China starts WTO dispute against U.S. chip export curbs

China has launched a trade dispute at the World Trade Organization against the United States over its chip export control measures, China’s commerce ministry said.

The United States passed a sweeping set of regulations in October aimed at kneecapping China’s semiconductor industry, prompting a complaint from a top China trade group.

“China takes legal actions within the WTO framework as a necessary way to address our concerns and to defend our legitimate interests,” said a statement by China’s commerce ministry, its diplomatic mission in Geneva relayed.

It added that the U.S. curbs “threatened the stability of the global industrial supply chains”.

The so-called request for consultations is the first step in a long procedure at the global trade body. The United States has blocked appointments to the WTO’s top ruling body on trade disputes, meaning some rows never get settled.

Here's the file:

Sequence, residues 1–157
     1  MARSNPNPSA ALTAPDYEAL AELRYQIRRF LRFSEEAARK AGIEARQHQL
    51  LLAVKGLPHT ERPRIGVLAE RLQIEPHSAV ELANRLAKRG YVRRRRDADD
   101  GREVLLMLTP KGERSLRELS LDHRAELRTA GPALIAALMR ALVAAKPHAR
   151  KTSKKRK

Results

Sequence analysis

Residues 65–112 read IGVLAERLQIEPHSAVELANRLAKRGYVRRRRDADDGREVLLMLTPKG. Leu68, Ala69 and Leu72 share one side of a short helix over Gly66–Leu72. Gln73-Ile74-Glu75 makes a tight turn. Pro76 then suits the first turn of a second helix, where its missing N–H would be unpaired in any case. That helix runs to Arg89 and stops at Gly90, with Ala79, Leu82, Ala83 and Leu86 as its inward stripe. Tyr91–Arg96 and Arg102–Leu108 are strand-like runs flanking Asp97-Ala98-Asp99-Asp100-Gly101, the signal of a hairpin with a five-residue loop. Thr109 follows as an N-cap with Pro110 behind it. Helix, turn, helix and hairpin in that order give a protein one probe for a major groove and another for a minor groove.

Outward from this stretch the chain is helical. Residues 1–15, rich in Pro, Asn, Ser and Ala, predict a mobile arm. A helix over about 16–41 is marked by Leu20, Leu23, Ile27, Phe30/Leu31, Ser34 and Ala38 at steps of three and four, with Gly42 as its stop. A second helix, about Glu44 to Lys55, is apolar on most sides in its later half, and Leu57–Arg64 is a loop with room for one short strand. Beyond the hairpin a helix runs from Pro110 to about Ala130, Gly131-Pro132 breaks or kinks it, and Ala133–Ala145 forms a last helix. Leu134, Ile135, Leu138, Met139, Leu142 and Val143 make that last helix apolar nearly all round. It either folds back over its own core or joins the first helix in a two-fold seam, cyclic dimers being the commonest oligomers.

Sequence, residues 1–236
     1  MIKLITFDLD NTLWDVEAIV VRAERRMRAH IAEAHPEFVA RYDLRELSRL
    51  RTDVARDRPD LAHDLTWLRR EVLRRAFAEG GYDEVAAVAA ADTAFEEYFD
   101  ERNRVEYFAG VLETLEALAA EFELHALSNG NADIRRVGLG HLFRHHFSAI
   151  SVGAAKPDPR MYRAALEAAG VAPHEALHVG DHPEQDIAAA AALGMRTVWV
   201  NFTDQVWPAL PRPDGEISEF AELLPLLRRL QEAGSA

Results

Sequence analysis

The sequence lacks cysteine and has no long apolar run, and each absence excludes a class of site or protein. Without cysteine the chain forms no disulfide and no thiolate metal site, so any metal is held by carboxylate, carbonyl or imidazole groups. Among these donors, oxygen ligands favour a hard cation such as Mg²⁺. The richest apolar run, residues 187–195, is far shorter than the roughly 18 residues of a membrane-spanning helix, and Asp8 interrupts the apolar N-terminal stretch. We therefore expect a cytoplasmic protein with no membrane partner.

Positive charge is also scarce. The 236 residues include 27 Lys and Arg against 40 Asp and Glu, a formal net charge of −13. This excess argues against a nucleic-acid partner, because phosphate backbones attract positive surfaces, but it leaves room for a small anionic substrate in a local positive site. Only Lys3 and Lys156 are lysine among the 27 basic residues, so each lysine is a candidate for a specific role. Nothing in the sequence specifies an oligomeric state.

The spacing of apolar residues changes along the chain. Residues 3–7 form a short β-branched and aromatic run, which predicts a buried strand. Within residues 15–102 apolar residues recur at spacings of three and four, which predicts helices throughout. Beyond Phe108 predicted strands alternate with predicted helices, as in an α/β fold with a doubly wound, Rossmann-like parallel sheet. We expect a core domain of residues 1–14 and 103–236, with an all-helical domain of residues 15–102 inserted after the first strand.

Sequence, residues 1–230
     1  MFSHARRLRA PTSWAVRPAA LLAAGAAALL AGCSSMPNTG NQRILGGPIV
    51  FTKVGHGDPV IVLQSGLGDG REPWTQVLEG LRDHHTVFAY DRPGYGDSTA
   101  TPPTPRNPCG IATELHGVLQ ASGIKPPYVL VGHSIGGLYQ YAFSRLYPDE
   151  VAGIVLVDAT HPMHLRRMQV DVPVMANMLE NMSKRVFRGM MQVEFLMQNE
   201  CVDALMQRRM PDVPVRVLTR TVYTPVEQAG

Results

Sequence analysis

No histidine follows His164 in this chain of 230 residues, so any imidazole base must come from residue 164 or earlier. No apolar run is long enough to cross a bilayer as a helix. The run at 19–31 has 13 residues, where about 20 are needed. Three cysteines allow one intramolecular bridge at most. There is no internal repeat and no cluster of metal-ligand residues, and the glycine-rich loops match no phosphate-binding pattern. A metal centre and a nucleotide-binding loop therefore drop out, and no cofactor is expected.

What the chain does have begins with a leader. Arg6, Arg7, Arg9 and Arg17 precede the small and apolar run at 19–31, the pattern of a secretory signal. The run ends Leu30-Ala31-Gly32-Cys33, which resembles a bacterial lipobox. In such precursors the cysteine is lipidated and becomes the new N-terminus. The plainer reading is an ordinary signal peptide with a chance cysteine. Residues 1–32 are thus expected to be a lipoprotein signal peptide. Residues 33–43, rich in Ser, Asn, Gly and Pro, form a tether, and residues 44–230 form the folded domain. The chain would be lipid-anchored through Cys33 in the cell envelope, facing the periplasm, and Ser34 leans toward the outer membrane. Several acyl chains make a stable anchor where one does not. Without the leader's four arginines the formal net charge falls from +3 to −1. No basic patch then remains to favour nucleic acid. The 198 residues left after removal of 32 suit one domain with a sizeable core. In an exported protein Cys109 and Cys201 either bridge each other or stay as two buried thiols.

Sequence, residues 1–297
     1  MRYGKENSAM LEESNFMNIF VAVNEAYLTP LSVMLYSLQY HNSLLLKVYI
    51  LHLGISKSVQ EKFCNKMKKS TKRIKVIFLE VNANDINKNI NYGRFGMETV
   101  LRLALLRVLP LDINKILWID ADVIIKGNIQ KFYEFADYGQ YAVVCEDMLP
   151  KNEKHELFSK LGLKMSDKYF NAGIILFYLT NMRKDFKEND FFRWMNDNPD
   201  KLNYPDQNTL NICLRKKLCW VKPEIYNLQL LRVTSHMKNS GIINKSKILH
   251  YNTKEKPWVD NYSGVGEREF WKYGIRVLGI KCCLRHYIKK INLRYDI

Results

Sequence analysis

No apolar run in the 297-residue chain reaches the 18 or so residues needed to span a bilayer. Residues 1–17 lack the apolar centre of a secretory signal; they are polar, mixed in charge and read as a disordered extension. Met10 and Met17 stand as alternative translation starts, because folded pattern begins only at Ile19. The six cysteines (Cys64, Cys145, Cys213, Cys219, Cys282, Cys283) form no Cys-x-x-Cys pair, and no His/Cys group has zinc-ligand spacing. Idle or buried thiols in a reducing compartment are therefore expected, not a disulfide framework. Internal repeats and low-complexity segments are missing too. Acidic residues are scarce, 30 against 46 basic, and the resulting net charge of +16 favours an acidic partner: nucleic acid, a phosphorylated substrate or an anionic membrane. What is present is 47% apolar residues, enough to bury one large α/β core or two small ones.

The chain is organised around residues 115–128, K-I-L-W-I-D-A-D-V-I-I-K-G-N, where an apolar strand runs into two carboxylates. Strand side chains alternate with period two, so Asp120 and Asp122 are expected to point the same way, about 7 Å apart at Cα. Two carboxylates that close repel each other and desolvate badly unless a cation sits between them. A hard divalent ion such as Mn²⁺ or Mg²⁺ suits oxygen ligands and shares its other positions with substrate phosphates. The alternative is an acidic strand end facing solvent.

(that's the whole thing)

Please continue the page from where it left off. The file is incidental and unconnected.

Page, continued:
“We have received a request for consultations from the (People’s Republic of China) related to certain U.S. actions affecting semiconductors,” said Adam Hodge, spokesperson for U.S. Trade Representative’s office.

“As we have already communicated to the PRC, these targeted actions relate to national security, and the WTO is not the appropriate forum to discuss issues related to national security,” Hodge said in an emailed statement.

China’s complaint on U.S. chip export curbs comes days after a WTO ruling against Washington in a separate suit about metal tariffs that had been brought by China among others. The United States, a regular critic of the WTO’s arbitration proceedings, rejected the WTO’s findings.